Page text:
One afternoon, I received a call from my colleague as she was "on her way to the hospital to photograph a NILMDTS session." I cringed, because I knew I'd NEVER be able to do anything like that. Just the thought of it made me nervous.

She continued to tell me that the baby belonged to the couple we knew. My heart sank. I knew how long they'd waited for him. There was no medical problem; a 35 week healthy fetus that got tangled in the cord.

I saw her images. They made me really sad and I wondered how anyone does this kind of work. When I talked with mom, she told me how much those few photographs meant to her . . . they would be the only photographs they'd ever have of that little boy.

My youngest was a preemie; actually, so was I. My son was in and out of the hospital for the first few weeks of life until things stabilized. They told me that my son would probably take a while before he caught up (he's 6'4" now). My mom was told I'd probably have brain damage (explains a bunch, doesn't it?) This couple would never know those things. Their daughter and future children would ask questions about what he looked like . . .

So, I signed up. I went to the NILMDTS website and became a volunteer. A few weeks later, the phone rang and it was a mom calling from the hospital. She would give birth to a 20 week baby that evening which had a brain condition and wouldn't live.

I was petrified. I called another colleague (who'd never done this either, but was also considering volunteering) and she offered to come along. My ex-wife is a neo-natal nurse, so I called her to find out what to expect.

My heart was racing as I walked through the hospital parking lot. Once inside, the smell of the hospital almost knocked me over. I began to think of all the reasons I couldn't do this, but it was already too late.

When I walked through the door into the labor and delivery area, the doctor was still in the room. She's a longtime client. Pulling me aside, she asked softly how long I'd been doing this . . . I whispered "this is my first time."

As the doctor left the room she said out loud how nice it was to see me again. She then turned to the couple and said "David is a very talented photographer. You're in good hands."

I exhaled, opened my camera bag and went to work. My colleague joined me at the hospital shortly afterward. The couple was sweet. The family was very nice and grateful for our presence. The resulting images were much easier to photograph than I initially expected.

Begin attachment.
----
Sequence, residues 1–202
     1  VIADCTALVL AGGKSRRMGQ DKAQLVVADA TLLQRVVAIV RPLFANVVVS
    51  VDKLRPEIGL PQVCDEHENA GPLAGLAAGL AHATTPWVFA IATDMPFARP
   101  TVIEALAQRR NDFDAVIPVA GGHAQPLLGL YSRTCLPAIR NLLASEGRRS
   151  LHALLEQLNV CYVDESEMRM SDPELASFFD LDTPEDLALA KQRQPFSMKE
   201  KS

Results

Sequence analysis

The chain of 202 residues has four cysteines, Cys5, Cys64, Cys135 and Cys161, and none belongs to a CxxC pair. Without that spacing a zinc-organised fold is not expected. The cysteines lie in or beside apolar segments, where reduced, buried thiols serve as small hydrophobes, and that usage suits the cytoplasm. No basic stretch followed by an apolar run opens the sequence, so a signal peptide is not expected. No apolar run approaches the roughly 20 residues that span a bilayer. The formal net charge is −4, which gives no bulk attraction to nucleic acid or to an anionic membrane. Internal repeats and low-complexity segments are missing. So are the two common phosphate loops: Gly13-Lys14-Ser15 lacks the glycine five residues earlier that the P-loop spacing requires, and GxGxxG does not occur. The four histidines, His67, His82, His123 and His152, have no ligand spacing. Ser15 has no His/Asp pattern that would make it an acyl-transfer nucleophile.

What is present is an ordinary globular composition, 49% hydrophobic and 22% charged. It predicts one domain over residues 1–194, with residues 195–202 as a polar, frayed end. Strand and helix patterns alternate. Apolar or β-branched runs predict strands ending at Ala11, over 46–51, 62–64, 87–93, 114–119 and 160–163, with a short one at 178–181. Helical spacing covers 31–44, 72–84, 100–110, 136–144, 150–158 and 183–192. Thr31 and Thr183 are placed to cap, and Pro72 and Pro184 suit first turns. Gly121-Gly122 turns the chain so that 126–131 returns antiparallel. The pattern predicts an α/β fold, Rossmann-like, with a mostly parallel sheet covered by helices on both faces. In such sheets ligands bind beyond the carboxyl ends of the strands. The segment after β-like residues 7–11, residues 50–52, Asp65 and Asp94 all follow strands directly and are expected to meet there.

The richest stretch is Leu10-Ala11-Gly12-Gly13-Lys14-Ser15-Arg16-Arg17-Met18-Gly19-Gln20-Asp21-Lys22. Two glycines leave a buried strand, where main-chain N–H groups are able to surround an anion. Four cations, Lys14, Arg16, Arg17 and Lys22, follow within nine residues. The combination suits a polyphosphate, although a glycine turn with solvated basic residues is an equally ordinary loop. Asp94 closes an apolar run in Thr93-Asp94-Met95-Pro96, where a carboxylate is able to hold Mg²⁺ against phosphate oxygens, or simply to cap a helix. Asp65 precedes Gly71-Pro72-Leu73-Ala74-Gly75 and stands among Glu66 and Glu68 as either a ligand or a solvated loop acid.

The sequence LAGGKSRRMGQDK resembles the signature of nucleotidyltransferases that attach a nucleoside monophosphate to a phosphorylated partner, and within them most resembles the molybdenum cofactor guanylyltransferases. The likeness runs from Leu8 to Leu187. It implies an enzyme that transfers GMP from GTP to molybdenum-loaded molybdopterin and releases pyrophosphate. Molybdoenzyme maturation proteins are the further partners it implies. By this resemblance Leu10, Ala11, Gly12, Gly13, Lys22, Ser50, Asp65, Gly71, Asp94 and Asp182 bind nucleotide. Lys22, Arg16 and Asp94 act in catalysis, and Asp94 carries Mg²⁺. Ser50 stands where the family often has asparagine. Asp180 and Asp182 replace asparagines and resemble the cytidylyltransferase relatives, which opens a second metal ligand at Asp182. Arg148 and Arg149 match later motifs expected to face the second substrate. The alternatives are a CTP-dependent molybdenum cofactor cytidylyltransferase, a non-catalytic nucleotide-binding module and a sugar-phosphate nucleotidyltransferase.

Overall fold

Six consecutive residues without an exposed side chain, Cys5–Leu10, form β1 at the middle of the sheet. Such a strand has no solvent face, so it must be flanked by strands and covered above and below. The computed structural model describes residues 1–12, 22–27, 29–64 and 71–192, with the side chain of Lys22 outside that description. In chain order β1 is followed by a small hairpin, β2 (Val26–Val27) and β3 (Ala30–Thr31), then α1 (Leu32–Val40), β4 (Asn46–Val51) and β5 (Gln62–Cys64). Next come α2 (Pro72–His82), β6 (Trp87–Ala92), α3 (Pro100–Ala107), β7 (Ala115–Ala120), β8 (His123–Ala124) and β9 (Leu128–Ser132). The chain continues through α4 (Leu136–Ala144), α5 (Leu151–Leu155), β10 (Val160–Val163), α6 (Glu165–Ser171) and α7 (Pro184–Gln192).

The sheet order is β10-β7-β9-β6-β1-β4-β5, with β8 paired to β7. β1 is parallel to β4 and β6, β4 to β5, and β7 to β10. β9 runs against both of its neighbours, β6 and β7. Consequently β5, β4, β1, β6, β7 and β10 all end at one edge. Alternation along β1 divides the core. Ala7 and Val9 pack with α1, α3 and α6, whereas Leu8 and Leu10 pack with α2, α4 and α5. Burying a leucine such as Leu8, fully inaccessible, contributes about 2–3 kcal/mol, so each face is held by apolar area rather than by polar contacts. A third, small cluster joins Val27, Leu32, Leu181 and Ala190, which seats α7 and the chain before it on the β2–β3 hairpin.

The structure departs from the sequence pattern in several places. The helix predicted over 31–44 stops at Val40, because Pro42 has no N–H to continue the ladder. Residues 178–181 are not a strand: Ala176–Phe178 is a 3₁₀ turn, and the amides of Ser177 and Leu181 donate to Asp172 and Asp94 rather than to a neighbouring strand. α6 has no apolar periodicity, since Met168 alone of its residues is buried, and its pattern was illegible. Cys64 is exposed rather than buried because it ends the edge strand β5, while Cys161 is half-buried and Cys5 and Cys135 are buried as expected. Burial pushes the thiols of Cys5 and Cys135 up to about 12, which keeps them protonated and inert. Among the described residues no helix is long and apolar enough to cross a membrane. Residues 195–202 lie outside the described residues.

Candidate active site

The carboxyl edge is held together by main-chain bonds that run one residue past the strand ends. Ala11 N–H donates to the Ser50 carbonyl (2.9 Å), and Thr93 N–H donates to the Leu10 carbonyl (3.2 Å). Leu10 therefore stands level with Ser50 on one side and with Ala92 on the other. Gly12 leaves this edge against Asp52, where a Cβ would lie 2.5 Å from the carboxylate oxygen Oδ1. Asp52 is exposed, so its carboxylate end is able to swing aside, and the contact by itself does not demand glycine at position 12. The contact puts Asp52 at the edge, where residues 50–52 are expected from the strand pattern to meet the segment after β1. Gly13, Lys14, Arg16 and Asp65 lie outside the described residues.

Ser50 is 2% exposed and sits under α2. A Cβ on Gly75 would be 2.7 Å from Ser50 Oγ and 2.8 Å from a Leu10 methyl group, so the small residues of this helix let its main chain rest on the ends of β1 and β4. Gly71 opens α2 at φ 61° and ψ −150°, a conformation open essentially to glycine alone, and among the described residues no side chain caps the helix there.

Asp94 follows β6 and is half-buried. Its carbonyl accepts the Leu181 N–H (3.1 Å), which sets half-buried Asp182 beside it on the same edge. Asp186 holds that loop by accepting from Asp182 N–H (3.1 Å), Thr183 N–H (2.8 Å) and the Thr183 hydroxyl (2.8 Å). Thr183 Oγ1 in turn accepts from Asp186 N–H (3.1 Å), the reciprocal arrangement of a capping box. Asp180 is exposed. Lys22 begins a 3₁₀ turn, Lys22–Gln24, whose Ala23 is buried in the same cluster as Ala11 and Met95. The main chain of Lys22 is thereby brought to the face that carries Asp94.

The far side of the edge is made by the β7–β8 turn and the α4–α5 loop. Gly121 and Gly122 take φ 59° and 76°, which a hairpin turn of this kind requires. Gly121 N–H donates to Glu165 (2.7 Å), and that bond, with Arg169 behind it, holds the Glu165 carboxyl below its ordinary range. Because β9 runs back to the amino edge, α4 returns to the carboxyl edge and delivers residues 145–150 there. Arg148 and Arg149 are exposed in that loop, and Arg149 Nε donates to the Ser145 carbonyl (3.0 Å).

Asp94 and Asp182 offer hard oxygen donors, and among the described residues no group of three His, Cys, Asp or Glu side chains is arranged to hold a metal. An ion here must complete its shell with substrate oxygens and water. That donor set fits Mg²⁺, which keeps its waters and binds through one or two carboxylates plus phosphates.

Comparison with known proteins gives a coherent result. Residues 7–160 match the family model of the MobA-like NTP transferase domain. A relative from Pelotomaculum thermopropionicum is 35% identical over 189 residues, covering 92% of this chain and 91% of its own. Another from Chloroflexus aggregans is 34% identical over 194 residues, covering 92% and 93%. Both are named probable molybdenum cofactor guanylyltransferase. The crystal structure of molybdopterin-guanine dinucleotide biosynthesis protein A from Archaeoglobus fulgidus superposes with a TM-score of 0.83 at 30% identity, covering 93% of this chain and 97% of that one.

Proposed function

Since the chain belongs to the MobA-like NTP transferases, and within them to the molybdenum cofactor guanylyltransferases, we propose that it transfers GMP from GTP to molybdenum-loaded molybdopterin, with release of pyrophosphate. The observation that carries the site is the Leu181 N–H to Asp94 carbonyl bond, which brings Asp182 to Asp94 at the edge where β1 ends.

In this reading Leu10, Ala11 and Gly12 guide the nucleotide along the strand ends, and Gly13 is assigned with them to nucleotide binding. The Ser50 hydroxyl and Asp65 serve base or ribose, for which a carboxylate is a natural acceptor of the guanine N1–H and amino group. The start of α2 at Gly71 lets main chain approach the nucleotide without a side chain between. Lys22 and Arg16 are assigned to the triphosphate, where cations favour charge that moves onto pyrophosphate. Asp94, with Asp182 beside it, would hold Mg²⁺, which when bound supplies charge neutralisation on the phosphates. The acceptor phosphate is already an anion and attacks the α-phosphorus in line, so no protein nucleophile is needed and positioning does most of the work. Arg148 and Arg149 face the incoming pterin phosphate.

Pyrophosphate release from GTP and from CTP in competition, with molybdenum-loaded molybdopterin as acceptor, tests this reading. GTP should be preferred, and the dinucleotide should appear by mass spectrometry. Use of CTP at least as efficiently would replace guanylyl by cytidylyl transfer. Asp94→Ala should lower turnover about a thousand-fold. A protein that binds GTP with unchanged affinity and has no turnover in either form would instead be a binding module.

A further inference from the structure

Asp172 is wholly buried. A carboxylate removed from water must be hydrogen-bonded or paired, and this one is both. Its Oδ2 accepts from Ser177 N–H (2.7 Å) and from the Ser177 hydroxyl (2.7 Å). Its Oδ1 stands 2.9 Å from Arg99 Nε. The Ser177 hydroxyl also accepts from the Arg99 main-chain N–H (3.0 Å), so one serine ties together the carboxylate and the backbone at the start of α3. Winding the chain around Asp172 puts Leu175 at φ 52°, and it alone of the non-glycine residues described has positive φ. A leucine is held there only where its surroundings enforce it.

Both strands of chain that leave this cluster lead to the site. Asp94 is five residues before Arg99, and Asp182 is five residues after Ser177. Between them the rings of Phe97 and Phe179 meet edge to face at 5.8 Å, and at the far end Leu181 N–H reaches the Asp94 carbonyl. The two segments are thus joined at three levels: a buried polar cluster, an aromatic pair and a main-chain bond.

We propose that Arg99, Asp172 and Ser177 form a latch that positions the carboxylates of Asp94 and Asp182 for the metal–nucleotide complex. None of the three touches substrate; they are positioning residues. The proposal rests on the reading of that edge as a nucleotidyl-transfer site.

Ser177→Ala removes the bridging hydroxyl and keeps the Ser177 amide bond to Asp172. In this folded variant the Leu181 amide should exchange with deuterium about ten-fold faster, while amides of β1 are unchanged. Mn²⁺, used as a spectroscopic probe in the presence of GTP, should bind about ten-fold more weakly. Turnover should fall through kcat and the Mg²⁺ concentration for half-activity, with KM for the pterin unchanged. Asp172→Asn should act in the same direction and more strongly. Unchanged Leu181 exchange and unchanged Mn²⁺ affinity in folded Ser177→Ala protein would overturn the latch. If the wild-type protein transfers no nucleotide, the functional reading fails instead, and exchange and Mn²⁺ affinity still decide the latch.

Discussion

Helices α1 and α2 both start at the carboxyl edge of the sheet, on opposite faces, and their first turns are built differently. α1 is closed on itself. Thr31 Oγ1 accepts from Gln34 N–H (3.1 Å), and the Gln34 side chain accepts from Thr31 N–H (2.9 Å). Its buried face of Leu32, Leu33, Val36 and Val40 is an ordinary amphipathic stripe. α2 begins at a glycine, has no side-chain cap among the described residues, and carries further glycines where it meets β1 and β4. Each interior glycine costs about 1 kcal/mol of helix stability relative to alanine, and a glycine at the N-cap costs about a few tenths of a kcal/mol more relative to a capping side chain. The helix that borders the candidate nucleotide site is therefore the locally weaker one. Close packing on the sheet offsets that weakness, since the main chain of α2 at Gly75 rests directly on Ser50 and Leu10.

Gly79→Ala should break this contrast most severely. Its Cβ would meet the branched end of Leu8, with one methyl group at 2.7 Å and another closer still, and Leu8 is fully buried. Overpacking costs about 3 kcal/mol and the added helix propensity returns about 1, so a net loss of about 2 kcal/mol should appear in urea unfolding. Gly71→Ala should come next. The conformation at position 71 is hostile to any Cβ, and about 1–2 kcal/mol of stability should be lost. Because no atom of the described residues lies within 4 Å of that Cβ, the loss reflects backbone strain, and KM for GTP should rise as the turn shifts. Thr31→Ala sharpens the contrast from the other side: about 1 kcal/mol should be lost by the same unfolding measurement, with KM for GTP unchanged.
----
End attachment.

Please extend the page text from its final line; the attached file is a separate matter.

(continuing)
In the past 5 years I can't count the number of sessions I've photographed. Some really stand out for one reason or another, while others blend together. This past Christmas day, I photographed 3. Yeah, bad things happen on holidays, too.

In my heart, I like to believe that all of the sessions made a difference to the families and the healing process.

Do YOU have what it takes to make that difference? You may not think so, but I'm willing to bet that you're wrong.

- David Grupa

Thursday, June 9, 2011

Does Your Website Give Potential Clients a Positive First Impression?

We all have websites, blogs and other electronic venues that we utilize for our business on a daily basis. For many of our clients, this is their first (and maybe only) contact with our studio.

So . . . when you click on someone's website and notice issues, do you tell them? I'm not talking about technical "your site isn't loading" issues, but rather, things such as repeated spelling errors and use of popular music that is copyright protected.

Do you say something? Do you drop them a note out of the blue saying "Hi, you don't know me but I'd like to let you know about a bunch of problems . . . "

If you get one of these emails, are you offended? Do you spend more time wondering why some random photographer was "creeping on your page" rather than being grateful that someone pointed out mistakes?

As someone who visits a lot of websites reviewing applications for volunteer groups, I have seen the good, the bad and the ugly when it comes to this form of marketing. Here are a couple of things that I notice immediately when visiting the websites of other photographers:

1) Loading Speed - How long do I have to sit while the little bar moves slowly across the middle of the screen, or the wheel spins for eternity? If it takes too long, how many of your potential clients get frustrated and click out without viewing your site?

    - Take a few minutes to resize your images before uploading. Web-resolution only requires about 4x6 @ 72ppi for a reasonable viewing size and fast loading.

2) Music - This is one of my personal pet peeves about websites. Since it's been discussed elsewhere on this site, suffice it to say that if clients are browsing from work, the last thing they want is to have loud music suddenly blaring from their speakers. This causes them to quickly exit your site, perhaps never to return.

    - Is there a way for the viewer to easily turn off the music without having to hunt for a hidden toggle? Are you able to lower the volume preset so it's truly "background" music?

    - Do you have the proper licensing rights to use the music on your website? Just because you bought the CD or downloaded the song does NOT mean you may use it in a commercial setting. (Yes, your website is considered a "public performance".)